(b Casalmaggiore, nr Cremona, Nov 11, 1696; d Casalmaggiore, Sept 28, 1757). Italian composer and violinist. He was taught the violin by Giacomo Civeri and later by Carlo Ricci. An invitation from Antonio Caldara, who had met him while passing through Casalmaggiore, took him to Vienna, where he became a well-known virtuoso and teacher without, however, obtaining an official position in the service of the imperial court. In ...

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Harris S. Saunders

(b Bologna; d Aug 6, 1767). Italian librettist. A Bolognese nobleman active as poet and orator, he was a member of the Arcadian Academy, in which he used the pseudonym Esterio, and founded his own called the Accademia de’ Nascosti. In addition to at least ten opera librettos for various theatres in Venice and Bologna, he wrote several oratorios and prose translations of a number of French plays, printed variously by Longhi or Pisarri in Bologna between ...

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(b Venice; fl 1710–32). Italian bass . He was for some years in the service of the Landgrave of Hesse-Darmstadt. His first known appearances were in Padua in 1710 and 1712, and in 1713 he sang at Ferrara in Albinoni’s Lucio Vero. From December 1714...

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Jaak Liivoja-Lorius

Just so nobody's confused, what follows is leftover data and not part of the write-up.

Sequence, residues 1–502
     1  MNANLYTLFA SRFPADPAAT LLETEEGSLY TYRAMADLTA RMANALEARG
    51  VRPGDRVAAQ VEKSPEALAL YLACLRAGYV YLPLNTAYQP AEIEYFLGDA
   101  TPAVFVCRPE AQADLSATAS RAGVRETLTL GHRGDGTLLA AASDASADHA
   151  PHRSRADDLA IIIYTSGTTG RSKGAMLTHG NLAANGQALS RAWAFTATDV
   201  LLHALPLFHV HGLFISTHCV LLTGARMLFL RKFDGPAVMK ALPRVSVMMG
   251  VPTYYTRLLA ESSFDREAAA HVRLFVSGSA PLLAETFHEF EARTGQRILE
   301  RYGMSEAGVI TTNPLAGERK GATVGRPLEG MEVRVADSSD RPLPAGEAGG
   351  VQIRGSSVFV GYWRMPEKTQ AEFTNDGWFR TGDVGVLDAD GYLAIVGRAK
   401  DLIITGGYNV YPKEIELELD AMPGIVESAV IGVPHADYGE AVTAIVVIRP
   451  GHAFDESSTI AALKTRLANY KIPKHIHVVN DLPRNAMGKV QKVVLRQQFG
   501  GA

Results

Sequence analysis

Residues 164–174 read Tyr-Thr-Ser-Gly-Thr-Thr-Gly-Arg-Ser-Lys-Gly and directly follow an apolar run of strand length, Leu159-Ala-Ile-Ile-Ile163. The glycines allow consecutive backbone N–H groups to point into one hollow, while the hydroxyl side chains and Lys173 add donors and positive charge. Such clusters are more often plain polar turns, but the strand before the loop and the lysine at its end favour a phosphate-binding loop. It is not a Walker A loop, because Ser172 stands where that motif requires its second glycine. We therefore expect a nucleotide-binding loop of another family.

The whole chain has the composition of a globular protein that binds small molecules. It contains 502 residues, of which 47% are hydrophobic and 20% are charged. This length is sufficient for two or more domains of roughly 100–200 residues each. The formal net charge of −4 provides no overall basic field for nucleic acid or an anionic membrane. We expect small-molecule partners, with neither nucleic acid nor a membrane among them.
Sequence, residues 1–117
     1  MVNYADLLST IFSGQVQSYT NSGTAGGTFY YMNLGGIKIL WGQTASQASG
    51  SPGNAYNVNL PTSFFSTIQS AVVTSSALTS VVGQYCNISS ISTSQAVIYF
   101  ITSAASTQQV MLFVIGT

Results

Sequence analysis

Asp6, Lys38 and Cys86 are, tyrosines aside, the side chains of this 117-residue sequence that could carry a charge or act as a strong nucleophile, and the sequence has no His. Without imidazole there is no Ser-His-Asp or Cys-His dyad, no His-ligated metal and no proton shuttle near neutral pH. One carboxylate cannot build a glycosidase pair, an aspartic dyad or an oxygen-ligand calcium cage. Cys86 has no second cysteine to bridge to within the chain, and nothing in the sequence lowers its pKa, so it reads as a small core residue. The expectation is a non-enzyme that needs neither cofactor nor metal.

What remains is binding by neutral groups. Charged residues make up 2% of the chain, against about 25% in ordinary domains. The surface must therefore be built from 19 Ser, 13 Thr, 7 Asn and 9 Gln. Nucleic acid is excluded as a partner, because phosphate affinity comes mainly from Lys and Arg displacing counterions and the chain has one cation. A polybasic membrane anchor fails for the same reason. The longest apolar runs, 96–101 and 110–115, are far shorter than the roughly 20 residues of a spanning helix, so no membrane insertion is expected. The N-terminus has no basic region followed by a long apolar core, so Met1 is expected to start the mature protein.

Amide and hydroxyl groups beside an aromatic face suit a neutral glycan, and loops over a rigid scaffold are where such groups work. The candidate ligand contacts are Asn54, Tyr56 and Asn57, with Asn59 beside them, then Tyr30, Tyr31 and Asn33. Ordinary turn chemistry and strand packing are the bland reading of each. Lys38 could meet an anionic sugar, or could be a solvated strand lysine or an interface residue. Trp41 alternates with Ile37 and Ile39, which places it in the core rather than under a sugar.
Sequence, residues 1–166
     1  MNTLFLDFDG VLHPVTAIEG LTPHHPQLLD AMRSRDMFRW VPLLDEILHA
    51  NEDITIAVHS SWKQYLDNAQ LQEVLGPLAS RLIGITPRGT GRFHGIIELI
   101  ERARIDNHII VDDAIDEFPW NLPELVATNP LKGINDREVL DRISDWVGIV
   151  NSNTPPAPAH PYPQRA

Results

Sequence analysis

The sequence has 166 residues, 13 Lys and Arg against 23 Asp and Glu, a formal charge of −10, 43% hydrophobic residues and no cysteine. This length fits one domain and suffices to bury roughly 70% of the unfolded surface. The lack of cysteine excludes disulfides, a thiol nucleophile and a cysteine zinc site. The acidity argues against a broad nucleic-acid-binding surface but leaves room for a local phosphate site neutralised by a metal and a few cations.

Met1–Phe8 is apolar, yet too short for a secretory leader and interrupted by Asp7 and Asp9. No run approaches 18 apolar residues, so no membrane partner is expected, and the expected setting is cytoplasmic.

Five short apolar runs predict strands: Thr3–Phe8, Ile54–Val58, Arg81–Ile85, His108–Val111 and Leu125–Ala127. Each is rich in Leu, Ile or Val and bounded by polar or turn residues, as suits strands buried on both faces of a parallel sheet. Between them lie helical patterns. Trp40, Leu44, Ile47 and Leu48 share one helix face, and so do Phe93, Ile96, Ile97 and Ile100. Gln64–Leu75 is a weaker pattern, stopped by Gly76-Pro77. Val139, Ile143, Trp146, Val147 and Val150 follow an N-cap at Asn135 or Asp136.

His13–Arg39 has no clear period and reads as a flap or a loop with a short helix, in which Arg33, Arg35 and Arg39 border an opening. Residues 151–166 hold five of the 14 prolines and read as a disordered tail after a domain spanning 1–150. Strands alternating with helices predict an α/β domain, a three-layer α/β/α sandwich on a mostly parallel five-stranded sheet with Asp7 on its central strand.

(fl c1737–61). Italian violin maker. He probably studied with his father, Giovanni Battista (Johannes Baptista) Zanoli, and left his hometown of Verona to work in Padua (a cello made there, his earliest known instrument, is dated 1737) and Venice (where he registered for jury duty in ...

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(b Hochtann, nr Deutschbrod, Bohemia, April 8, 1708; d ?Mannheim, after 1778). Bohemian composer and violinist. He received his earliest musical instruction from Lukas Lorenz, the Deutschbrod teacher with whom Johann Stamitz is alleged to have studied. Around 1725 he went to Vienna where he studied the violin with F.J. Timmer and J.A. Rosetter and took flute lessons from Biarelli. Zarth then entered the service of Count Pachta at Rajov, but did not remain long in this post; he had formed a friendship with Franz Benda and as both were equally dissatisfied with their positions they left Vienna abruptly in ...